But what you can do is you can find people to compare yourself to in a healthy way where they inspire you. But they have to be in the same life mode as you.

Me personally? I’m inspired by a lot of people. My mentors, people that helped me through a lot of this stuff And that I get a lot of my ideas and information from are Chalene Johnson and Brook Castillo. However, if I were to compare myself with Chalene… I mean, she is not in the same age range as me at all. She has two kids, just like me, but they’re in college- or out of college and they’re growing up now. And so she’s in a very different stage of her life. So if I was to compare myself with one of my mentors or someone that inspires me, I can’t do that with Chalene. Because it’s a completely different situation.

So what I need to do is I need to find myself somebody that has two kids. Or even more kids, that could work. Two kids, and then… Say, okay, what phase are they in their life? So are they around like… 30-ish years old? Okay, that would be a good person to compare myself to. Or maybe like one step ahead of myself, so maybe in the thirty to forty age range. They have multiple kids, and then they’re talking all about the things that they’ve done.

So for you, if you’re a student or a music major, compare yourself with other music majors or people that have just graduated. Don’t compare yourself with people that have lived in New York for ten years and now are on the stage and doing this and this and that. You can use that for inspiration.

But where you’re like, “Okay, where I need to be right now… I need to check in with where I actually am.” And then use that to compare yourself.

So if you’re in high school and you’re struggling with something, you can say, “Okay, let me find another student, or maybe a friend that’s in a very similar situation. They’ve had a lot of dance experience like I have, and they’ve been in lessons for five years just like I have, And their acting is phenomenal, but I feel like I can’t even get out of my head to be able to act.” So then what would you say? “Okay, well, let me figure out what kind of things I can do to get to that point.”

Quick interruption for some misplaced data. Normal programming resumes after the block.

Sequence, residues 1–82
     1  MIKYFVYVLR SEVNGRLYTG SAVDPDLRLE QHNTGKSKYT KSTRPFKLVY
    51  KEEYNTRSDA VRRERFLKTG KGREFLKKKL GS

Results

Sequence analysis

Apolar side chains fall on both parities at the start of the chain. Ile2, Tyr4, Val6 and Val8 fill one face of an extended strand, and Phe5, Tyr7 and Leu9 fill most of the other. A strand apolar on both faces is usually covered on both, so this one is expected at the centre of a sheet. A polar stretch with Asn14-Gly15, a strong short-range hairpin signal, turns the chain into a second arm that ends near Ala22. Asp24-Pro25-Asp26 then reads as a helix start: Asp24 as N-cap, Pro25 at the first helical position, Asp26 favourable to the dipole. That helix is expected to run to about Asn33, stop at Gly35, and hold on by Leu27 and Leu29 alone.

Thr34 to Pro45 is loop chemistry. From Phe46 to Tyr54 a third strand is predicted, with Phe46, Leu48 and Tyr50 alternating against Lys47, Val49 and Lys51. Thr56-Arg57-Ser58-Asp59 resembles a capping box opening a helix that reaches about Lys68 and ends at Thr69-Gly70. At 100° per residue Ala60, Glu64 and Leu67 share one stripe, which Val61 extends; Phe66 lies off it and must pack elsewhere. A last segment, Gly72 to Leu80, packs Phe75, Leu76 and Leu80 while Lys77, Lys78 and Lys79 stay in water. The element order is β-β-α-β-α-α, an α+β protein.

But that’s more of a healthy comparison when you’re trying to inspire yourself. Rather than comparing yourself to somebody that’s in a completely different phase of their life. If that makes any sense.

 

Overcoming Jealousy and Comparison Using The Scarcity Mindset and The Abundance Mindset

You have two mindsets that one can have, as far as this type of thing is concerned. You can have the abundance mindset, or you can have scarcity mindset.

Scarcity Mindset in Jealousy, Comparison and Competition

Scarcity mindset is feeling like the success of somebody else takes away something from you.

“Not everybody can have everything.”

It’s almost like, “No, I want this so nobody else can have this.”

Or “I’m worried that I’m not gonna have enough, or there’s not enough good things in the world, or there’s not enough roles in the world.”

“There’s not enough money in the world to be able for me to feel successful as well.”

“There’s not enough shows for me to have the lead parts that I wanna have.”

Those types of feelings are scarcity mindset. You feel like somebody else’s success is taking away something else from you.

Abundance Mindset in Jealousy, Comparison and Competition

And then there’s abundance mindset. Abundance mindset is being like, “Okay, just because this person is successful doesn’t mean that I can’t be too.” And there’s a lot of joy in the world to go around, there’s a lot of success in the world to go around. There’s a lot of parts and performance opportunities in the world to go around, there’s a lot of money in the world to go around. And feeling like you can wish someone else’s success and it doesn’t take away from yours.

So I have a friend that is in a very similar place in her life as me and when she has success, my biggest thing is that I’m like, Okay, when she has success, I need to make sure that it doesn’t make me feel like I can’t have that same type of success. If that makes sense.

And then I’m like, “Okay, abundance mindset.” If she has success, I’m like, “You go for it, girl. You get it. You go for it and you’re inspiring me to go for these things too and to hopefully have that same sort of similar success as you,” And not feeling like her having success means that I can’t. Or that takes away from my chances of having a success. Abundance mindset is the last technique that I think is very, very helpful for these.

Conclusion: How Do I Overcome Jealousy, Comparison and Competition?

So that is everything about jealousy and comparison.

To recap, just be careful about comparing, you’re in control of your news feed. And you can channel jealousy into being some sort of inspiration if it’s healthy. You can compare yourself with yourself. And if you’re comparing other people to inspire you, just make sure that they’re in the same phase of their life as you are. So hopefully those were helpful. If you liked this, give it a thumbs up and subscribe to be the first to know about new videos. Thanks so much, and have a good one!